Prioritising sustainability, inclusivity and innovation in Amsterdam and the Netherlands
For people around the world, 2020 was a difficult year. The coronavirus (COVID-19) pandemic limited travel, made working from home the new normal and turned social distancing into a way of life. The situation wasn’t – and isn’t – any different for people living and working in Amsterdam. But despite the challenges and hardships, good things have happened here, too.
Looking back on some of the independent and international rankings from 2020, we noticed that Amsterdam and the Netherlands claimed top spots several times. And though we don’t yet know what 2021 will bring, we’ve rounded up ten rankings from the past year that centre on building a better future together. With a focus on topics like mobility, inclusivity, innovation and sustainability, they give us hope for the months ahead:
Strong social mobility
A study from the World Economic Forum, The Global Social Mobility Report 2020 – Equality, Opportunity and a New Economic Imperative, ranked the Netherlands sixth for social mobility, awarding it a score of 82.4 out of 100. The Netherlands also scored the highest when it comes to access to education, overtaking every other country.
Ready to embrace the power of artificial intelligence
In May, Amsterdam took second place in the small cities category in the Global Cities AI Readiness Index. Measuring how prepared cities are to handle challenges related to adopting AI tech, the ranking praised Amsterdam’s ability to adapt and thrive in the face of change. This year, the Dutch capital also launched a registry that will let locals see how AI algorithms are used to provide essential services, including the prevention of housing fraud.
A hotspot for renewable energy investment
The latest edition of Ernst & Young’s Renewable Energy Country Attractiveness Index ranked the Netherlands as the ninth-best place for renewable energy investments. Receiving high scores in several areas, the country was recognised for its commitments to solar power and on- and offshore wind power, which are also part of Amsterdam’s sustainable energy plan.
A sustainable place to live and work
A study from British Business Energy named Amsterdam as the world’s fifth-most eco-friendly city for workers. The high rate of people getting to work by foot or bike helped push the capital toward the top of the ranking, which also looked at renewable energy use and the number of vegan and vegetarian-friendly restaurants.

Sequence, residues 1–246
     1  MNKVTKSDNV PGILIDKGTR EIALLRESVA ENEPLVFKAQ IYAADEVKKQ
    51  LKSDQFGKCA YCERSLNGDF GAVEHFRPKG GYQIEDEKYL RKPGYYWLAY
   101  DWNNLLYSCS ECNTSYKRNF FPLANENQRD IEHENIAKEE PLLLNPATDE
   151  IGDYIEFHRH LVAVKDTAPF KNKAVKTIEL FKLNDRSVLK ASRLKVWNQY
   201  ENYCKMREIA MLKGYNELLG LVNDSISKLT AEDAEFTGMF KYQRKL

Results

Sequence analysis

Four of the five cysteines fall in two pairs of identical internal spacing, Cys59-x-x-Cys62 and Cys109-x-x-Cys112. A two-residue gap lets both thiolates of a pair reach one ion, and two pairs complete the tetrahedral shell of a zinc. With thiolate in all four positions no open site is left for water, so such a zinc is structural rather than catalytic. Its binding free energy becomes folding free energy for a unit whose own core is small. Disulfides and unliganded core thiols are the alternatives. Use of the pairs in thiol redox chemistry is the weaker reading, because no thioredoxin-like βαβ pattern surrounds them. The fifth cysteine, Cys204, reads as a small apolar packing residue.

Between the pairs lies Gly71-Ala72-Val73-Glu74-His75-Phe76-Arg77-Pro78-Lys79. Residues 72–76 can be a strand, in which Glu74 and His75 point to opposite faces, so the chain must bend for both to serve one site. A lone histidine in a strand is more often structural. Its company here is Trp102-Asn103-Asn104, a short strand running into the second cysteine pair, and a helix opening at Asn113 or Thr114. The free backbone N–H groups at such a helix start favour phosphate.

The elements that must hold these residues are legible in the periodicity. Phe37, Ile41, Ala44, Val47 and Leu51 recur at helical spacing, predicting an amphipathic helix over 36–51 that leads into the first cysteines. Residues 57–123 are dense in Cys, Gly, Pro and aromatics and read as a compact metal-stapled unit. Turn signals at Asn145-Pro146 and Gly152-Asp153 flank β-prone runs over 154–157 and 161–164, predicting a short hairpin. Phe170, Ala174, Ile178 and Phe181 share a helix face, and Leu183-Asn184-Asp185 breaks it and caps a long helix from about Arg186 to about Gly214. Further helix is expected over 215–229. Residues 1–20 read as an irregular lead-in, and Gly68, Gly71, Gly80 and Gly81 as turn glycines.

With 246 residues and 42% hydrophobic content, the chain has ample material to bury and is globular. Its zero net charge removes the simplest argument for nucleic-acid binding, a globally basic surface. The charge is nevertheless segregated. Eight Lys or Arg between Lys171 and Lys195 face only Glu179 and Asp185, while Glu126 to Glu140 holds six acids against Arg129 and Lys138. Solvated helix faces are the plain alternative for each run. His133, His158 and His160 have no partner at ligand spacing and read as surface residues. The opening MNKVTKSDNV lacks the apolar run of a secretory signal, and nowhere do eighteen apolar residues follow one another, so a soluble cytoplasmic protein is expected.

Amsterdam is a city on the move
In October, Amsterdam claimed fifth place in the Urban Mobility Readiness Index 2020 from management firm Oliver Wyman. The study looks at how well cities are prepared to embrace the future of mobility and their commitments to innovation as the coronavirus continues causing challenges. Amsterdam was noted for its excellent cycling infrastructure (which includes 767 kilometres of bike paths) and commitment to electric vehicles, among other things.
One of the best places for green finance
Amsterdam was named one of the world’s best cities for green finance in the Global Green Finance Index, coming in first place for depth and second for quality. The survey evaluates the green finance offerings of 74 financial centres, looking at private and public initiatives focused on creating and supporting sustainable schemes – like the promotion of renewable energy – through financial instruments.
Skilled in speaking English as a second language
For the second year running, the Netherlands topped the EF English Proficiency Index. Described by the organisation as “the world's largest ranking of countries and regions by English skills,” it’s based on the test results of more than two million adults in 100 regions and countries. The Netherlands also took first place in the 2017 edition and came in second in 2018. A high level of English language proficiency has also bolstered Amsterdam’s business ecosystem, enabling companies to compete on an international level.
A future-ready mobility sector
According to Deloitte’s City Mobility Index 2020, Amsterdam has one of the world’s most robust and future-ready mobility sectors. Ranked third in the index, the city was evaluated using several criteria, including the health of its mobility system, and was praised for the strong coordination between the knowledge, government and business sectors. Amsterdam’s electric vehicle charging network was also highlighted, as was the cashless public transport ticketing system.
The most connected country in the world
The Netherlands claimed first place in the DHL Global Connectedness Index 2020 for the seventh year in a row. Both depth and breadth of a country’s connectedness are analysed for the index, which looks at how international information, capital, trade and people flows are, and whether they are spread across the world or more limited in scope. Amsterdam’s digital connectivity and close proximity to leading cities like Paris and London supported this achievement.
Ready to recover
A special edition of the World Economic Forum’s Global Competitiveness Report saw Amsterdam take fourth place in a list of countries ranked by their preparedness to recover from the coronavirus. The report said that no country is totally ready to deal with the financial impact of the outbreak, but those with strong healthcare systems and solid social safety nets – like the Netherlands – will do best. Additionally, the report said a thriving digital economy, like that of Amsterdam’s tech ecosystem – which was recently valued at €73 billion – will also play a vital role in recovery.
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